13 ture in his book Democracy in America. In Putnam s view, maintaining success and competitiveness can only be realized by resurrecting their community commitment, and regenerating American social capital. It is not surprising that when conceptualising social capital, the concepts of community or civil society arise, for this terminology describes institutions in which people live their lives in the third sector. Here they come into contact with each other through different organisations, clubs, associations and relationships with neighbours, friends and acquaintances, and affect one another by the mediation of norms and values. The Putnam-type of social capital has two important components: 1. the social network: friendly meetings, visits, relationships with neighbours, social events, 2. civil commitment: the willingness to participate in communities, expression of opinion, relationships between members, participation in elections, etc. Thus, social capital is in itself made up of complex structural elements (social networks) and complex cultural components (social norms, trust, and willingness to participate). 5. Network economy Networking can be perceived not only on the level of individual social relationships, but it now integrates the economic system as well. So much so that studying the economic structure of the information society is only possible through networking (Kelly, 1998). The economic structure of the information society is called the network economy. The term network economy signals that the creation of products and services, the creation of value, take place within the networks themselves. The reason why networks operate successfully is that in the new social and economic environment, networks are able to efficiently create knowledge and process information, they are also able to adapt quickly to the rapidly changing global conditions, flexibly adjusting to altered conditions (Castells, 1996). In former, industrial economic structures, companies organised their activities according to geographical factors, their development depended on traditional elements of capital (industrial machines), while in the centre of the network economy stands human knowledge and the complex system of relationships and information flowing in digital space. The essence of the network, in an economic sense, is the long-term relationship of cooperation between companies. The development of these networks is the result of complicated interaction, the boundary between one organisation and another is less marked within the network. The strength of the network lies in the fact that the bilateral relations between the members are embedded in the network, and their value depends on the value of the network. The greater a network is, the more valuable it is (Shapiro Varian, 2000). The various participants in these networks small enterprises as well as large companies, self-employed persons, state, university and company research institutes all have a place of their own within the network. The best examples of network production are multinational companies, where the seat of a company, its research and development department and its assembly lines may all be in different countries, and even different continents. In order to be able to exploit the flexibility of the network, a company has to become a network itself. The network operational mode appears not only in respect to territory, but also organisation: the previously vertical organisational model of multinational companies has changed and today the big ones mostly play a dominant role in a complex network structure, usually taking smaller companies 13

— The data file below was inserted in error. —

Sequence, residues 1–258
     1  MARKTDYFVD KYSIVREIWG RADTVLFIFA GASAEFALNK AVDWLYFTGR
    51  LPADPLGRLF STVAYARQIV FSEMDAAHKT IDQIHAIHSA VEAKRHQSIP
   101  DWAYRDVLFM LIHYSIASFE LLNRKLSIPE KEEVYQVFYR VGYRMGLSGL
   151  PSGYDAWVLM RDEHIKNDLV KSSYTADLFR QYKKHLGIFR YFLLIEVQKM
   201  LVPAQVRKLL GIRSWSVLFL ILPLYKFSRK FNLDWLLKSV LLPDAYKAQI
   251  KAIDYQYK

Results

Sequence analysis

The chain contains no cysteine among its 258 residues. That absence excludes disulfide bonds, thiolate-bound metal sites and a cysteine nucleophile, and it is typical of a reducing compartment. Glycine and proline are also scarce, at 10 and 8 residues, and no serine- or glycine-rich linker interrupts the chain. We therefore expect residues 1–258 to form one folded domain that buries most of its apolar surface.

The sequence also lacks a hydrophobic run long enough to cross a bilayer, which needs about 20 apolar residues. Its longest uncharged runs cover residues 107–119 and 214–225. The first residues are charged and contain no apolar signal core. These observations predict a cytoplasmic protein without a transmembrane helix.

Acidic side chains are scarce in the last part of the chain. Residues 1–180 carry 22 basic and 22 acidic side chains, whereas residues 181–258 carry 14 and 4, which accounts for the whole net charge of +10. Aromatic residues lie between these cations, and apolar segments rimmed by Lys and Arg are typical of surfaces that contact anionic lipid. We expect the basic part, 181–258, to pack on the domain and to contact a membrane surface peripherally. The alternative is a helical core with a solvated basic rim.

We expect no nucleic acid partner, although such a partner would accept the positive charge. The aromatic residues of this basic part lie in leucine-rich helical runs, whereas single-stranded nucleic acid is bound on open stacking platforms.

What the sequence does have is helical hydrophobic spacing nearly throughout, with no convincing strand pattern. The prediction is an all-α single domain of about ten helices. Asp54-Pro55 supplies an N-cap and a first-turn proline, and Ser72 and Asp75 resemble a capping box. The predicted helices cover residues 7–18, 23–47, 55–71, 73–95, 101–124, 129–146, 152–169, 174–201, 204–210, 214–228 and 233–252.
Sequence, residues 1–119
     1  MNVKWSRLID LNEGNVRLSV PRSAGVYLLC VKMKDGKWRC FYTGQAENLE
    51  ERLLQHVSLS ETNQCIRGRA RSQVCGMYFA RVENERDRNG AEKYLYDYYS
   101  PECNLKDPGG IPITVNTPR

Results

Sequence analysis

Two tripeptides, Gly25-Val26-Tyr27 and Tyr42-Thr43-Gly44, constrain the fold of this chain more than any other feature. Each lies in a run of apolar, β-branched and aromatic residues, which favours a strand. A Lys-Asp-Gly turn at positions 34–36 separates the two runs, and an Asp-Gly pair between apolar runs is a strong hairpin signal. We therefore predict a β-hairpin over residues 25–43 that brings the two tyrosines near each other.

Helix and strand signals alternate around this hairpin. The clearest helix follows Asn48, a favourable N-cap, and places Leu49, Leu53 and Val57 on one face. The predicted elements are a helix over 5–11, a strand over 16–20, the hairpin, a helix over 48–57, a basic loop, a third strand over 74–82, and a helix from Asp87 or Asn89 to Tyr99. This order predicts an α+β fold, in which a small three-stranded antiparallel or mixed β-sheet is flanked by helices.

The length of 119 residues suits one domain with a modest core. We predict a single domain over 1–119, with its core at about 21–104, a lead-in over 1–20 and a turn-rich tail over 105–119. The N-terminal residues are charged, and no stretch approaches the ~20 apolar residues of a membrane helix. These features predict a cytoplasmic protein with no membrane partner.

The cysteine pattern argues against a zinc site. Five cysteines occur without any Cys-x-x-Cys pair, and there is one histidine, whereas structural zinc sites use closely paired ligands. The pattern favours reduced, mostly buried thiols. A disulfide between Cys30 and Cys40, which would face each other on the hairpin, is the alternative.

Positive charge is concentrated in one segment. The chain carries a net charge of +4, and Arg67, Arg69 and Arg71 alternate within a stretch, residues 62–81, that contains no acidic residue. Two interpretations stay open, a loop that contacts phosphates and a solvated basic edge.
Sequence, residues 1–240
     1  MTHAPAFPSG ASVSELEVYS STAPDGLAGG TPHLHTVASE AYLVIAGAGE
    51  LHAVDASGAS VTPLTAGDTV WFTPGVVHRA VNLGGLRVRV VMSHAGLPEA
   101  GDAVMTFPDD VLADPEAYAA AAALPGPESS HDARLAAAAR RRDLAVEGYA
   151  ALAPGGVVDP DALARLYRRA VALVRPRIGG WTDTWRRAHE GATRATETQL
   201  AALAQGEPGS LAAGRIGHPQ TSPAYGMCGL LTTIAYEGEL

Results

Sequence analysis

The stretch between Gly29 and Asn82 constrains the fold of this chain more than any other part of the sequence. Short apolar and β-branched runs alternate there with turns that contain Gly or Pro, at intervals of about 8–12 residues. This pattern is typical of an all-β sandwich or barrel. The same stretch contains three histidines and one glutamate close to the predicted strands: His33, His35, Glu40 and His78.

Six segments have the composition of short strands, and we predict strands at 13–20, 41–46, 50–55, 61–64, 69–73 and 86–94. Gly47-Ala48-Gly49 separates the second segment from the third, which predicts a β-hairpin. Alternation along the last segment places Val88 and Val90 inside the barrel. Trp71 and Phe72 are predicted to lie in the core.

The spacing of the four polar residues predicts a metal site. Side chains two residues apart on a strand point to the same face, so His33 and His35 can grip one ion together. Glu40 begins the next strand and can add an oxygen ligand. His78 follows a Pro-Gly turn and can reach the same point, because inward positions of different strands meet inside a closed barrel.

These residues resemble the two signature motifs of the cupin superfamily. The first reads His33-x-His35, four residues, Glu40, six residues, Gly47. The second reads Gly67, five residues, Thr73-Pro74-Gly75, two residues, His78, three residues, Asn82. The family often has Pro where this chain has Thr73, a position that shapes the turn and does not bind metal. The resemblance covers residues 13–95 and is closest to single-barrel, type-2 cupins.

14 with them. Strategic alliances between companies have appeared, the essence of these is cooperative competition (i.e. coopetition ). Coopetition 1 is especially important in the case of high-tech companies working with high research and investment costs, for example in the unification of standards. The strongest networks were created in the field of information technology, reflecting the extensive interdependence of the hardware and software industries. At the end of the previous millennium, several large companies (e.g. Cisco Systems or Nokia) owed their competitive advantage and success to having changed to the new network operational mode. From the end of the 1990 s, more and more large companies (among them Hewlett Packard (HP), IBM, Sun Microsystems and Oracle) started to reorganise their operation according to the principle of networking. Other, more traditional, non-it companies such as car factories, textile manufacturers, banks etc. also carried out the change successfully. 1 For the definition of term see for example Wikipedia: 14 Social Networks and the Network Society